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Excerpt from Oral History Interview with James Slade, February 23, 1997. Interview R-0019. Southern Oral History Program Collection (#4007) See Entire Interview >>

Black doctors, part of a community that values sharing, are not threatened by socialized medicine

The Slades consider black associational life and its influence on the black community's attitude towards medical practice. "Group things mean a little more to [African Americans]," James believes, and do not quaver at the thought of so-called socialized medicine. This associational spirit rewards African Americans who participate but punishes those that do not by accusing them of disloyalty.

Citing this Excerpt

Oral History Interview with James Slade, February 23, 1997. Interview R-0019. Southern Oral History Program Collection (#4007) in the Southern Oral History Program Collection, Southern Historical Collection, Wilson Library, University of North Carolina at Chapel Hill.

Full Text of the Excerpt

JAMES SLADE:
As far as the amount of socialized medicine, that's never been a big thing among African-American physicians, as it has among non-African-American physicians.
KAREN KRUSE THOMAS:
Why do you think that's true?
JAMES SLADE:
When you look at blacks as a whole, group things seem to mean a little more to them, like in terms of the church. That's one of the institutions that's really meaningful to blacks, it's not just a club, it's more of a family gathering, although they don't always act that way. White physicians can go to the country club and play in the golf tournament on Sunday morning, or whenever it is, whereas the black physician, I know some now who go on the golf course, but back when I was coming along, you probably couldn't find half a dozen black physicians in the country that played golf, particularly in the South. The church was the uniting force, and its a social gathering place. Helping somebody in groups has never been a threat, so I think that's one reason why black physicians have never been threatened by so-called socialized medicine. You don't turn anybody down anyway, or it's a lot more difficult for the black physician to turn away the poor people, particularly the blacks.
CATHERINE SLADE:
Another thing, you find very few rich people in the black race. Most of them might have been in the same situation at one time, until a better opportunity came along. So they know what it's like.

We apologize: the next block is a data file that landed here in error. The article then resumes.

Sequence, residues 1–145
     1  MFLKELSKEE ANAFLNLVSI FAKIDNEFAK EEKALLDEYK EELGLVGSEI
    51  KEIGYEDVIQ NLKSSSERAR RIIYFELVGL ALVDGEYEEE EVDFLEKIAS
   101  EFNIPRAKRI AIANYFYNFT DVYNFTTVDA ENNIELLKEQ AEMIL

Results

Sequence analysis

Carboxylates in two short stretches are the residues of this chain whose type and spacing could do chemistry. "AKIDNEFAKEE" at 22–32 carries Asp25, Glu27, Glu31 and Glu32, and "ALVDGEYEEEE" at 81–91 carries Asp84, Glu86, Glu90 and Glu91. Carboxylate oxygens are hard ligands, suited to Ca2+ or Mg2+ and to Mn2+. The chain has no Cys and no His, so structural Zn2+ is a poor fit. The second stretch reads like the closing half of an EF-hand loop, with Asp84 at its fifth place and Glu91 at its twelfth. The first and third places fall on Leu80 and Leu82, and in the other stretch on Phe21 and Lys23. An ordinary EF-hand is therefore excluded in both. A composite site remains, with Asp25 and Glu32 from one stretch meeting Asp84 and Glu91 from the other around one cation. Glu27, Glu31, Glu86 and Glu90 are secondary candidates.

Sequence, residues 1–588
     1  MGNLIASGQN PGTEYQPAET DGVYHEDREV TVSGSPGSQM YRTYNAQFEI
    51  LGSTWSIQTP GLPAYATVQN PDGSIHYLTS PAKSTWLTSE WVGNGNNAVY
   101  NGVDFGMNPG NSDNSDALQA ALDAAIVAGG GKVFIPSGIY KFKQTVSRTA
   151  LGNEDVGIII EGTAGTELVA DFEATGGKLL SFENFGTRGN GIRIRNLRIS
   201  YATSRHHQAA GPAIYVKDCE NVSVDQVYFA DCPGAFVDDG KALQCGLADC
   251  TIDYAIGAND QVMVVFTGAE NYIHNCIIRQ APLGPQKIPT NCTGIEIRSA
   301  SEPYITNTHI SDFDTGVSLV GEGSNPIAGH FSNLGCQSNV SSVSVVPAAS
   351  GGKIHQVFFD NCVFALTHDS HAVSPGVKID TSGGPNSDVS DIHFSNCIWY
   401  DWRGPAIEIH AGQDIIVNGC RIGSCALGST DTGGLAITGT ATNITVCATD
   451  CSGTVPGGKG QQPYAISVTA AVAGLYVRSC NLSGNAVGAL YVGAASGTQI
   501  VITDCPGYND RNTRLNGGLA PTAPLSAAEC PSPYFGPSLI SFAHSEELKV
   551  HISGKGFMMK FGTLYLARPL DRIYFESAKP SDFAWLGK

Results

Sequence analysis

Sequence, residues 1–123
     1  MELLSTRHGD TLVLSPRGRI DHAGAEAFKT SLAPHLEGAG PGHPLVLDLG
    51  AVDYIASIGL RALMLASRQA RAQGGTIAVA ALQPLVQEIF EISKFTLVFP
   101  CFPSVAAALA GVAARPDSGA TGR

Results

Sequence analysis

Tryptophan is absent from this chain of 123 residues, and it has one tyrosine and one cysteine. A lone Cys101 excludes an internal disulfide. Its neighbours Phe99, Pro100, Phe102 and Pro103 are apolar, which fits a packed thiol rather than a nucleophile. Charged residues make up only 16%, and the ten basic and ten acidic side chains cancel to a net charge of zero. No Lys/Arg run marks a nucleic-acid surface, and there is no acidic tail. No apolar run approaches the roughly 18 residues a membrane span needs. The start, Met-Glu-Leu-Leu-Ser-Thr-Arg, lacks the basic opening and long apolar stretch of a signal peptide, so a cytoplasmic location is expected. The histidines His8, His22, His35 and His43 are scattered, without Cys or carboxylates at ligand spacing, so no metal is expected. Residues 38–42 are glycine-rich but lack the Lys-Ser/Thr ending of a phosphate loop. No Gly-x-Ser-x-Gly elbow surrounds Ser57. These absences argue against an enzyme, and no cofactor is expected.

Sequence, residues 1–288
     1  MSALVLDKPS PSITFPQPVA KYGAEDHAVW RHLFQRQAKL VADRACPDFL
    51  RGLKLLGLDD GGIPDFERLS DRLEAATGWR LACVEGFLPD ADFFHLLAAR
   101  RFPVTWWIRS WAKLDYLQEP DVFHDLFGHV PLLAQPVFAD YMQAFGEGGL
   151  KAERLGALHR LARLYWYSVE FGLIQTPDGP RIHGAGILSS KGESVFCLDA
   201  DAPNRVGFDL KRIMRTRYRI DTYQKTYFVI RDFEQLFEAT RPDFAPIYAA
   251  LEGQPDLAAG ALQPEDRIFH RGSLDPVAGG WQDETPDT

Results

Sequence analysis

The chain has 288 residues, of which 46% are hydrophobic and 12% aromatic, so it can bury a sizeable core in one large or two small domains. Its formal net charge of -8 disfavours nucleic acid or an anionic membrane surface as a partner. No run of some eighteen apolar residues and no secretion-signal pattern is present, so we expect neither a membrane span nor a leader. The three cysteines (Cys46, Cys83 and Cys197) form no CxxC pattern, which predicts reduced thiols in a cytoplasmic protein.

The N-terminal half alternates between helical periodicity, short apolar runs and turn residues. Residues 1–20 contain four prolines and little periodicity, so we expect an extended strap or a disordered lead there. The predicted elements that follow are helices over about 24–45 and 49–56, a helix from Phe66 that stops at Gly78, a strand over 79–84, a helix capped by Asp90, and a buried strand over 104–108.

JAMES SLADE:
Also, if the black physician starts turning away his own people, he gets into all sorts of trouble. He's not going to attract a lot of non-blacks just because he turns away blacks, and he puts himself in a bad position with his own race, because people say, "Now he's a big shot, he won't even see us." Basically, he's taught not to reject his own.
CATHERINE SLADE:
It's a loyalty thing. As I think about it, I can remember hearing people get very upset with him. If he didn't have time to make a housecall or do something they wanted him to do, they would go over to a white doctor who they know wasn't going to go on a house call. But because [Dr. Slade] wouldn't do everything they wanted him to do, they were going to go to someone else. They expect more of you.
KAREN KRUSE THOMAS:
The patient would go to the other doctor to punish you, even though they wouldn't get any better service with that doctor?
CATHERINE SLADE:
They're not getting any better service, they just didn't like it if you turned them down and wouldn't make a house call.
JAMES SLADE:
But they're going to get out of the house to see the other doctor, because he's not going to make no house call, either! By the same token, they're also more loyal. I have patients who will wait in that office for three or four hours before I get to see them.
CATHERINE SLADE:
Maybe they give more, but they expect more.
JAMES SLADE:
It amazes me, by and large. Maybe a few white patients would wait, but most of them, if I'm not there close to on time, they take off. Which is their right to do so. I call and have my nurse tell them I'm going to be late, and they won't move.